CDC Belatedly Reveals That Smoking by Teenagers Dropped While Vaping Rose


FIN e-cigarette ad

Last September the CDC noted with alarm that the percentage of teenagers who had tried electronic cigarettes doubled between 2011 and 2012. "Many teens who start with e-cigarettes may be condemned to struggling with a lifelong addiction to nicotine and conventional cigarettes," CDC Director Tom Frieden worried. In a Medscape interview a few weeks later, Frieden suggested that fear had already materialized, asserting that "many kids are starting out with e-cigarettes and then going on to smoke conventional cigarettes." Yet the CDC's data, which came from the 2012 National Youth Tobacco Survey (NYTS), did not support that claim. In fact, nine out of 10 high school students who reported vaping in the previous month were already cigarette smokers, suggesting that the increase in e-cigarette consumption might signal successful harm reduction. Last week the CDC reported additional NYTS data that further undermine Frieden's claim, showing that smoking among teenagers fell as vaping rose.

Between 2011 and 2012, when the share of middle school students who reported using e-cigarette in the previous month rose from 0.6 percent to 1.1 percent, the share reporting past-month consumption of conventional cigarettes fell from 4.3 percent to 3.5 percent. Among high school students, past-month e-cigarette use rose from 1.5 percent to 2.8 percent, while past-month consumption of tobacco cigarettes fell from 15.8 percent to 14 percent. Although these trends do not necessarily mean e-cigarettes are responsible for the decline in smoking, the numbers hardly seem consistent with the story Frieden is eager to tell: that the availability of e-cigarettes is leading to more smoking than would otherwise occur.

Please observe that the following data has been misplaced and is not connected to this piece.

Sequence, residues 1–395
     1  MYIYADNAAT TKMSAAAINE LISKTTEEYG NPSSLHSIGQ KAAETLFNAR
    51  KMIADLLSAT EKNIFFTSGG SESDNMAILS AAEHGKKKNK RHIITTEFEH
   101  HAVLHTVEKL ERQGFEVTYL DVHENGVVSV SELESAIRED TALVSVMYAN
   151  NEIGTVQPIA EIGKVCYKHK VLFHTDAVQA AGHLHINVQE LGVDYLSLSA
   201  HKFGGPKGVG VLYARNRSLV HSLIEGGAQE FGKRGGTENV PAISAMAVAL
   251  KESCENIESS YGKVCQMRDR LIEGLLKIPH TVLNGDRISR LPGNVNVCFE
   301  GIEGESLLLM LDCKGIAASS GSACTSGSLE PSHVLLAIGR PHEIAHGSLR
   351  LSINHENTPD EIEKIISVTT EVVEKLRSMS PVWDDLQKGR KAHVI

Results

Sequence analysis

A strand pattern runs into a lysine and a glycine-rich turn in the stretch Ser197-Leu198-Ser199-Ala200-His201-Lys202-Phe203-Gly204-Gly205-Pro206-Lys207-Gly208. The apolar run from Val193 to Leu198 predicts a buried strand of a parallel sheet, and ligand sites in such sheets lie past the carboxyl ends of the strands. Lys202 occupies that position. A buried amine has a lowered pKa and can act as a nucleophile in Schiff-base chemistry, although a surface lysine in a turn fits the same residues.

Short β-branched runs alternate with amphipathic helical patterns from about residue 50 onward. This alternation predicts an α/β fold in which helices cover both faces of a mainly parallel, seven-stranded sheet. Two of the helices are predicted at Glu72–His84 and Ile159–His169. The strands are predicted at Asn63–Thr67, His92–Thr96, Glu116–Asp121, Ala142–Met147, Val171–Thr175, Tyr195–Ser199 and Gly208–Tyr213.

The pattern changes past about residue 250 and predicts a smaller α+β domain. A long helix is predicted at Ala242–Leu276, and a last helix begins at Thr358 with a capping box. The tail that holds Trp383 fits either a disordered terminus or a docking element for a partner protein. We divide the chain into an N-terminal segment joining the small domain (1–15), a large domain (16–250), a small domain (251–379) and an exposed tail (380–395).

Since the numbers showing an increase in vaping come from the very same survey as the numbers showing a decrease in smoking, it is puzzling that the CDC decided to highlight the first trend two months before the latter one, especially since the smoking data suggest Frieden's fear, which was repeated and amplified by various activists and politicians pushing for strict e-cigarette regulation, is misplaced. But the omisision is puzzling only if you assume the CDC is mainly interested in the truth, as opposed to scientific-sounding justifications for an irrational anti-vaping prejudice. Boston University public health professor Michael Siegel, who sees e-cigarettes as a valuable harm reduction tool, comments

This decline in cigarette smoking was not reported in the earlier CDC report on the increase in electronic cigarette use, nor was it mentioned in any of the multitude of interviews or news articles regarding the increase in youth e-cigarette use….

The opportunity to see the data on trends in cigarette smoking would have helped the public to see that there was no scientific support for the CDC's conclusion. I thus find it curious that these important data were not reported until weeks after the media [had] already disseminated the conclusion that e-cigarettes are a dangerous gateway to cigarette smoking. The CDC officials certainly had plenty of opportunity to let the public know that there was no discernible increase in cigarette smoking among youth concomitant with the observed increase in e-cigarette use. It seems to me that this is a critical finding to report.

My impression remains that there is, for some reason (perhaps related to ideology), a pre-determined conclusion that e-cigarettes are evil. Instead of fairly reporting all of the evidence, only the evidence that supports the pre-determined conclusions [is] being shared. 

Does the gateway effect Frieden fears—a switch from e-cigarettes to conventional cigarettes among people who otherwise would never smoke—show up after high school? Not according to a recent survey of college students, in which only 3.3 percent said e-cigarettes were the first form of nicotine they'd tried. Of those, only one (2.3 percent) later started smoking conventional cigarettes. "It didn't seem as though it really proved to be a gateway to anything," the lead researcher said.